The same situation exists with software, too. As our disks crash, and our floppies get corrupted, we as a group are losing much of what makes Vintage Computing fun.
    Thankfully 99.9% of the software has copies on the internet somewhere or another, so it's always available, at least digitally.

    Originally posted by Defiant1Dave View Post
    1. First, I can just use my machines and repair them as long as I can until they finally all die of old age. I don't like that idea. The cost of parts is already very high, and will only go higher. Eventually, probably in the next decade, they will not be available at any cost.
    That's pretty much what we all do now, and have been doing, heck, that's kind of half the hobby... I agree about the prices though. I'm actually not even collecting anymore. I will get an Amiga 1200 and that's it. I'm thinning my collection down to a few select machines. It's too expensive. Too many people care more about money than the hobby.

    Originally posted by Defiant1Dave View Post
    2. I can park all of the old machines, and use emmulators running on modern equipment . I don't like that idea either, since no matter how you go about it you still have a new machine...... with it's faster processor, lots of memory, and modern operating system to fall back on. That is not really the same. I mean... a mouse click on a folder is not the same as typing "c:\bc7u\bin\qbx" now is it?
    Agreed, completely.

    Originally posted by Defiant1Dave View Post
    3. I can use a more modern computer..... maybe a discarded PII or PIII machine....and totally reconfigure it to "mid-1980's" specifications. (there are LOTS of old PIII's out there to be played with) Instead of using an emmulator, I'm talking about "de-tuning" the computer itself in order to mimick an XT or AT operationally. This would mean installing the mimimum amount of memory, a small HDD formatted in FAT 16, and seriously UNDER-clocking the processor..... then installing it into an interesting case. For an OS, I'm thinking DOS 3.2 so it'll recognize the 1.4 floppy drive. As far as expansion cards go.... maybe a VGA, Serial/ Parallel Card, and precious little else. NO USB ports, or plug and play, or anything else that was not in circulation in 1986. No Windows, Win98, or XP.... or WIFI or Ethernet.....just a minimalist computer that runs very similar to our old IBMs. Of course it will still be faster and more reliable than my aging 5150 and 5140's..... but I'm sure I can get it VERY close to the feel of the originals.

    I like that idea..... especially since I've got a couple of old Pentium III machines in the closet left over from my overclocking days. (now that's an odd twist, ain't it?). I may set one of them up to boot directly to BASICA..... just for the heck of it!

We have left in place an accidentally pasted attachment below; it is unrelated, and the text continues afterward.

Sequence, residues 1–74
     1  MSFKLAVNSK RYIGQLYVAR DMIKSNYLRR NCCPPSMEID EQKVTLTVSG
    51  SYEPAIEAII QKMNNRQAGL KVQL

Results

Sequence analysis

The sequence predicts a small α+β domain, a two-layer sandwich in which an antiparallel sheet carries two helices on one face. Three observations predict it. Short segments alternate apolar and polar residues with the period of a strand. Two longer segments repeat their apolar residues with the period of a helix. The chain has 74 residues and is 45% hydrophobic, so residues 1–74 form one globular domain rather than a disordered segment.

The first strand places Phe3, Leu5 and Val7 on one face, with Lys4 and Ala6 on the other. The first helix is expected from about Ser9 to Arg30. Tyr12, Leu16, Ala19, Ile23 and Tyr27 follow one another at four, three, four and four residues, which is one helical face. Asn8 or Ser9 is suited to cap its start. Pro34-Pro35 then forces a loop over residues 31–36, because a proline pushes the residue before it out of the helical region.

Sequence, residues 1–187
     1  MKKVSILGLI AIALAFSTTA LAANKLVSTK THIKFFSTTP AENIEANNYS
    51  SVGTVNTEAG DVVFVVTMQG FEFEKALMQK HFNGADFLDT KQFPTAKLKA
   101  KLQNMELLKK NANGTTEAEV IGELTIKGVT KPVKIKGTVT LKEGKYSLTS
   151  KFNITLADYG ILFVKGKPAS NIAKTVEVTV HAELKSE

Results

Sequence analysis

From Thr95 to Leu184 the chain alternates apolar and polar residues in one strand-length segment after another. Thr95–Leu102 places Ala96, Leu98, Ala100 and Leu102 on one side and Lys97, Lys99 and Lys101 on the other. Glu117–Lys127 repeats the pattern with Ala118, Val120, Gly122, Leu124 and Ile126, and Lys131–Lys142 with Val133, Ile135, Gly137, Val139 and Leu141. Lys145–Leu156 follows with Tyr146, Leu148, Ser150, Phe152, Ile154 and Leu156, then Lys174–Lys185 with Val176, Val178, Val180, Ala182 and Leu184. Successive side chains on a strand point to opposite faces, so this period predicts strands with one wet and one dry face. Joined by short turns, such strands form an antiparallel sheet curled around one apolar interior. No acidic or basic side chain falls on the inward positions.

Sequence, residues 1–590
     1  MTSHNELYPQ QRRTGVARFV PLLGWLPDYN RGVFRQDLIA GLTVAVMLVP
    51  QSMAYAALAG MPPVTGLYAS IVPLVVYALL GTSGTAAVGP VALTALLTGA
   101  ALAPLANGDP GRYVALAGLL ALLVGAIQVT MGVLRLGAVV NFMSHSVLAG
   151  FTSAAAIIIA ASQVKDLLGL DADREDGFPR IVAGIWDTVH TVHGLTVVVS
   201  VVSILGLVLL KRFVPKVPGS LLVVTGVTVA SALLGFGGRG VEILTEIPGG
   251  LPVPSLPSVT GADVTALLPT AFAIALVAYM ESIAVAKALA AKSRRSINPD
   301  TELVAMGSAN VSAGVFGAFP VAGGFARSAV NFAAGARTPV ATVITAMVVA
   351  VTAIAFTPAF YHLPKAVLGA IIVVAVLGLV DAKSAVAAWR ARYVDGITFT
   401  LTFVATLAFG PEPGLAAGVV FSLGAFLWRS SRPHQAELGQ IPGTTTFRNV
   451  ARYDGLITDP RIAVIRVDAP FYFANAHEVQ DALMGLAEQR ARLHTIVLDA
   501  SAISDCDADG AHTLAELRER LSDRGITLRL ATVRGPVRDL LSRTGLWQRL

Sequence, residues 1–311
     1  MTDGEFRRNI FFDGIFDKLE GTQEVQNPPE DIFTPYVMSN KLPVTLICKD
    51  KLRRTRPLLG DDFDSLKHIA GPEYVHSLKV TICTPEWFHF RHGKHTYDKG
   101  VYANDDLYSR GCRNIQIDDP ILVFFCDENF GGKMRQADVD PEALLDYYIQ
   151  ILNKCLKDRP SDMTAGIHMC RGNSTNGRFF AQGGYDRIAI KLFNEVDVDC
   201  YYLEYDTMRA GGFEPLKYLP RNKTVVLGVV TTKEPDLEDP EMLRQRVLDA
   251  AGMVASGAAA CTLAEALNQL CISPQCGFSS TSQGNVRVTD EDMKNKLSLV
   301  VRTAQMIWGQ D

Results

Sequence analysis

I know that may sound like heresy to many of you purists out there.... I know: A PIII machine will never feel just like a 5150. BUT I can make it close enough so that only a real expert could tell the difference at the keyboard..... and that will help prevent using up the valuable old originals.
    Mind as well use an emulator at this point.

    So, back to the floppy issue. Yes, it's a pain that we can't buy 5 1/4" floppies to replace the failing ones anymore, but it's not so bad. There are many really smart people in this hobby helping with this. There are CF or other kind of memory card readers being developed for a ton of machines out there. Sure, it limits you to the more popular ones, but there's nothing that says you can't make your own, or someone will make it eventually.
    Mike
    An equal opportunity collector.

    Comment


      #3
      I've already cleaned and tweaked the FDD..... mechanically, it's fine. I think the read/write head is bad.

      Unfortunately, you are incorrect about the 99% of the old software being available for download on the Internet. Sure, there is a lot out there but not anywhere near that much. I can think of many, many programs that are simply gone. AND much of what is out there is either corrupted, the links are dead, or the programs are incomplete..... missing print drivers and the like. In my own library, I've got a number of programs you'll never find anywhere online.... and my collection is not that large.

      "Mind as well use an emulator at this point".... well.... no. not at all. An emmulator simply does not feel like an old machine at all. The OS is wrong, and the "one mouse click and you are back to Windows" convenience is nothing like using an old computer.

      What I'm talking about is using newer components to build a computer that if as close to functionally equivalent as possible. I don't see a significant difference between what I'm talking about, and installing a CF adapter into an older machine..... in both cases you are using new technology to keep the experience of Vintage Computing viable.

      Also... your arguement is inconsistent. In one line you say that IBM 5150 parts are plentiful if you know where to look for them, and then a few seconds later to talk about how expensive these parts have become recently. Did it not occur to you that the reason they are expensive is because the supply is drying up?